Employing a star?
I recently heard an amusing story from a friend of mine in a council in one of this nation’s big cities.
The council my friend works for was in the process of employing a new senior member of staff (when I say senior we are talking one of the top five or so members of staff in the local authority; the sort of person who would definitely be on Eric Pickles list… It is no secret that local authorities are currently under a lot of pressure and this job was considered by the members of the council to be so important to their long term future that they dreamed up a very complex recruitment process.
I’m no HR professional but when the recruitment process used was described to me I was very impressed. There was:
- Interviews with other senior officers and members
- A speed dating interview event with staff and other stakeholders (including customers)
- A presentation
So why tell this story?
Because the council in question were sold a pup. Apparently their new senior manager is about as effective as Jeremy Clarkson at a save the earth rally.
I’m talking mocked by other councils, laugh out loud bad.
It’s still early days but if this is true and the member of staff doesn’t help deliver the high quality that is not only expected but clearly needed then this recruitment process will turn out to be an unmitigated disaster.
Why does this happen? How could an appointment that bad, which within the first few months is widely criticised by those outside of the organisation, still occur even after this extensive recruitment process?
I don’t work in recruitment and have never recruited anyone, let alone someone of this seniority but having been in local government here are my four possible reasons:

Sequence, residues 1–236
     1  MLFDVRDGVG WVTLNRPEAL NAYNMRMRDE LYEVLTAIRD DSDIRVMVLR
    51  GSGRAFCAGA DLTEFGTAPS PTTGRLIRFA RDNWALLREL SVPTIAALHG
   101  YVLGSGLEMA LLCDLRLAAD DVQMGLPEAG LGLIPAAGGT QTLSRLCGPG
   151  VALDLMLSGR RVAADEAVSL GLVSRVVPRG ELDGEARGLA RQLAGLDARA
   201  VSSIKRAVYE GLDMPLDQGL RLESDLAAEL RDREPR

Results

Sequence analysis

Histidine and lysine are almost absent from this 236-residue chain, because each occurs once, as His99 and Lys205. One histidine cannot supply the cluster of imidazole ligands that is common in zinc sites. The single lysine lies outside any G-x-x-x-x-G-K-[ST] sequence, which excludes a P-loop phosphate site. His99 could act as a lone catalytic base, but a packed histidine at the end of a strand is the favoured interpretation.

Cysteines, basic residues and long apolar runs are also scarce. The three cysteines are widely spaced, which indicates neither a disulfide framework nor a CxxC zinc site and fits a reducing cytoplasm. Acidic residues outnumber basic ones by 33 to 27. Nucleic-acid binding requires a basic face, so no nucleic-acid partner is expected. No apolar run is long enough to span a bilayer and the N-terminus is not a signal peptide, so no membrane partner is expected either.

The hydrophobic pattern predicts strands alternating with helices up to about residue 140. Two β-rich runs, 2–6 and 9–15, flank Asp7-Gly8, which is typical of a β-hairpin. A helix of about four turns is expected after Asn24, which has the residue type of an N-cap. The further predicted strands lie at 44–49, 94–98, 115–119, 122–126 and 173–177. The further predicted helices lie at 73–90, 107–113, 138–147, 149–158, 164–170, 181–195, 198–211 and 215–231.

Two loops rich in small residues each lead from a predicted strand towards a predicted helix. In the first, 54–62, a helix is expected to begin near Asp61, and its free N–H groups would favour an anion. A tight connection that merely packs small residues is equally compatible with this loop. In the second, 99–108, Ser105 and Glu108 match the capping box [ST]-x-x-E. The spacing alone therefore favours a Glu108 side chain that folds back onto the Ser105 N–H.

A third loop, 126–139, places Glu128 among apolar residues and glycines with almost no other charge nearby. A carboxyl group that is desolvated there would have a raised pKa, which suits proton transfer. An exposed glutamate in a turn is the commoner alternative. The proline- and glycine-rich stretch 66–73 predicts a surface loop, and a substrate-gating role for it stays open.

1) It doesn’t matter how good the process is if the people make an error. Many a consultant has walked into a local authority and identified a failing process as cure for all our ailments. Councils accept this as it is actually easier to believe this than it is to accept that people make mistakes. Look how many ‘transformation’ programmes are process based.
2) Councils often pride being ‘fair’ over being right. I’ve often experienced the wrong person getting the job because of the scrupulously ‘fair’ process; even when those running it know better.
3) Local Government is huge and therefore the opportunity for reinvention in the same field is almost unlimited. In the field of dogfood sales or even corporate banking, the industry is small enough that if people constantly underperform then they are looking for a new career. In local government it can be difficult to establish a good or bad reputation within the sector; it’s just too big.
4) We could all be wrong. The tales of this individual’s failure elsewhere could be nothing more than tittle tattle and jealousy.
I shall watch with interest.